2009 Pakistan Army Mil Mi-17 crash
The 2009 Pakistan Army Mil Mi-17 crash occurred on July 3, 2009 in the Federally Administered Tribal Areas of Pakistan. A Russian-manufactured Mil Mi-17 transport helicopter of the Pakistan Army crashed in Orakzai Agency. According to a source within the Army the crash was due to a technical fault. Some sources reported local people attributing the crash to militant activity. The crash site was Chapar Feroze Khel, 20 kilometres (12 mi) from Peshawar, on the border of the semi-autonomous Orakzai and Khyber tribal agencies. The area is remote and also full of militants, which hampered the rescue efforts.
A Pakistan Army Mi-17 helicopter, similar to the crashed aircraft
|Date||July 3, 2009|
|Site||Khyber Pass, Pakistan |
|Crew||4 members including 2 pilots|
Official accounts stated 26 soldiers were killed in the incident, but other sources put the toll at 41 people on board, all of them being killed, including 19 from the paramilitary Frontier Corps, 18 army personnel and 4 crew members. The Mi-17 is normally limited to carrying 32 passengers. Most of the personnel on board were due to go on leave.
The helicopter was flying from Parachinar, the headquarters of Kurram Agency, to Peshawar. Previously there were unconfirmed reports that the helicopter might have been hit by ground fire from militants, with four casualties reported, but these were contradicted by a Inter Services Public Relations report. There was an ongoing operation in the area against militants linked to Al-Qaeda at the time of the crash. Militants have claimed they shot down the aircraft and that the Taliban captured the pilot; if true this was the first such incident.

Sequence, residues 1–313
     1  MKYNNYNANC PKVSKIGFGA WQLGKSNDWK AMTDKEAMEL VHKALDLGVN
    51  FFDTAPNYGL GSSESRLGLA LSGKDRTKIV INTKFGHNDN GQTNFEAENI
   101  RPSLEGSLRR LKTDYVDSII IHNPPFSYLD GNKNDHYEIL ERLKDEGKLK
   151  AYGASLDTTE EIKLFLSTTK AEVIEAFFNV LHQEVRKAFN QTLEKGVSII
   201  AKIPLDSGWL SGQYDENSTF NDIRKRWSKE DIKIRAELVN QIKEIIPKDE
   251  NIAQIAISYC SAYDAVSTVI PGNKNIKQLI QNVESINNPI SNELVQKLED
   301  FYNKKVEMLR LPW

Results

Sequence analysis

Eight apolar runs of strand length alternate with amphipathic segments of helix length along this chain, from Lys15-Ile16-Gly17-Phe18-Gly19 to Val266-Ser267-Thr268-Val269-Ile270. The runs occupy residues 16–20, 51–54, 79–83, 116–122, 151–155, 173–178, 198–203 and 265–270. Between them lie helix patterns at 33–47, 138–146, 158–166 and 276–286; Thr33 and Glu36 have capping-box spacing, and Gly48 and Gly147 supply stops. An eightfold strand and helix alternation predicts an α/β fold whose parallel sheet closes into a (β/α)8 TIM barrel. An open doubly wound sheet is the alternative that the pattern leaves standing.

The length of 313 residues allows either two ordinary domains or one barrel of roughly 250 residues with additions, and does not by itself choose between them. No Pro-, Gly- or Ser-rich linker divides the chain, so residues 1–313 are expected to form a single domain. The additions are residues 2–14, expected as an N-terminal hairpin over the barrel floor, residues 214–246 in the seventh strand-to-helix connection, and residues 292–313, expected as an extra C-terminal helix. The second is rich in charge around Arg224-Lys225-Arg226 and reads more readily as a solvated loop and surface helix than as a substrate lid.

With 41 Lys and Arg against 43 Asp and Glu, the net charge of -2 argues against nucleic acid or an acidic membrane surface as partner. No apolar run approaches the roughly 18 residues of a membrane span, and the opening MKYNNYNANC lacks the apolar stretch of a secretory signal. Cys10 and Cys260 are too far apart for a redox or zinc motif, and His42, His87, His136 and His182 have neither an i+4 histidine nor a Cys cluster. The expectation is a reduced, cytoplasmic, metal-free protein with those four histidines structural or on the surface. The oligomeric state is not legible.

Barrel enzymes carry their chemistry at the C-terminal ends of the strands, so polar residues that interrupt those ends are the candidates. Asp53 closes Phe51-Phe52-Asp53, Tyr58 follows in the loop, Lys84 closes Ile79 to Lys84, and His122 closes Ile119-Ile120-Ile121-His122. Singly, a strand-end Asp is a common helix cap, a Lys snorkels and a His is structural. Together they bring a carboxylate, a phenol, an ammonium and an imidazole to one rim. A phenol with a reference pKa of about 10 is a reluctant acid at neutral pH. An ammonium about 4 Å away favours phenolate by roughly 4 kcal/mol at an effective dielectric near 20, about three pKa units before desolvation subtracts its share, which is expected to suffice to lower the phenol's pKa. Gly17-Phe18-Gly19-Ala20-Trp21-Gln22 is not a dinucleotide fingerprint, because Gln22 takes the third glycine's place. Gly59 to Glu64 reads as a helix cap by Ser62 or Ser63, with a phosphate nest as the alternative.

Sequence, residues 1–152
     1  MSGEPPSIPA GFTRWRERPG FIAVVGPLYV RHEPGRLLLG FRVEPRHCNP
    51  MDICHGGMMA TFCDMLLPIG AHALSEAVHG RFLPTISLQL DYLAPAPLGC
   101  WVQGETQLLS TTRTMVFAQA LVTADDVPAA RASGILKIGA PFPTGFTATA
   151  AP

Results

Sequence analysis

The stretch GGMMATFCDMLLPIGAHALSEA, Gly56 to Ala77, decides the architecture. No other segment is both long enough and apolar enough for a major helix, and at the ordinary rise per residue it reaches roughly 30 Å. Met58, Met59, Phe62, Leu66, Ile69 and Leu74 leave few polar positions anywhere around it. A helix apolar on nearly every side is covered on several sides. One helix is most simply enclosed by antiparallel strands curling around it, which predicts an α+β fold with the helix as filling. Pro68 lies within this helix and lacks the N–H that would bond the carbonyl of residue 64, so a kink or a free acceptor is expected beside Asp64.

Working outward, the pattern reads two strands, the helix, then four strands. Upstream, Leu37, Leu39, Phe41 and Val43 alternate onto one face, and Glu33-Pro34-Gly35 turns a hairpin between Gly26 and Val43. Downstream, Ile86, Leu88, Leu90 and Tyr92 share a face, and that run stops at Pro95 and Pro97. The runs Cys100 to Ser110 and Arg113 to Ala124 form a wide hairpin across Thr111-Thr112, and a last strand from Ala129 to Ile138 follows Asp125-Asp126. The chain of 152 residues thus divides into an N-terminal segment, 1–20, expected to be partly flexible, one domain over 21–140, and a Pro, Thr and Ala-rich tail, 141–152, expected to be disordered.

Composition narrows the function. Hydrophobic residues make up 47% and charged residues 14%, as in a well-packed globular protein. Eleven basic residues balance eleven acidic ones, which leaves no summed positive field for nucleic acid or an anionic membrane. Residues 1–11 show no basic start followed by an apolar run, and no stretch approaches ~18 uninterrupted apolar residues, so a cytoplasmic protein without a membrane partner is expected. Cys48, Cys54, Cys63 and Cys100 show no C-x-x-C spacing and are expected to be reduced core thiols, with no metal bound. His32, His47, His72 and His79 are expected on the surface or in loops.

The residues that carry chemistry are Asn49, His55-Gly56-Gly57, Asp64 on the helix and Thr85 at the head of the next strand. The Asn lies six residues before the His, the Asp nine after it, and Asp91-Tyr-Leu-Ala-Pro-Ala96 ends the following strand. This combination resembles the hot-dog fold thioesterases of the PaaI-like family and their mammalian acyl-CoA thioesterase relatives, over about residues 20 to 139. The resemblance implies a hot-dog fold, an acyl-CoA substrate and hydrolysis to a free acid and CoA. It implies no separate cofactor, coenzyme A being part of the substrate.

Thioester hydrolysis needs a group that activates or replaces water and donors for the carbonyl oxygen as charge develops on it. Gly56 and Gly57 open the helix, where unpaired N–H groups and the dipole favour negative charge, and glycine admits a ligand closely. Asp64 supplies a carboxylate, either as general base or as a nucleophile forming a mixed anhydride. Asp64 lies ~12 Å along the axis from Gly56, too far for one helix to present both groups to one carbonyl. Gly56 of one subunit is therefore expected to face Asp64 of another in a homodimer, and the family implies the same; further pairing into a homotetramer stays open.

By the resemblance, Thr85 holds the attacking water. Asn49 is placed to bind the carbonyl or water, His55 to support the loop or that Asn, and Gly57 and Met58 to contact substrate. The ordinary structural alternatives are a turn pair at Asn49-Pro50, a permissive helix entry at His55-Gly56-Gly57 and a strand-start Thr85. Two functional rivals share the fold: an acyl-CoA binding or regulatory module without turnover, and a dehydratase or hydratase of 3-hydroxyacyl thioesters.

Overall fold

Chief of the army General Ashfaq Parvez Kayani ordered an inquiry, but the crash prompted speculation whether the transport helicopter attracted militant gunfire and was shot down. This speculation is based on the fact that the area is a militant stronghold, and the militants had 12.7mm machine-guns capable of hitting a low flying aircraft.
Combat and transport helicopters usually fly high to avoid fire from the ground.
An official said that it would take some time before the actual cause could be determined.
It is a lengthy exercise
Weather was also not good in the area. According to one official,
The weather was bad and the copter was flying low. It could either be because of the bad weather or excess weight. But nothing can be said with certainty until we retrieve the wreckage
This was rejected by a military spokesman, who again blamed it on a "'technical fault". He further said that:
Taliban militants frequently make false claims
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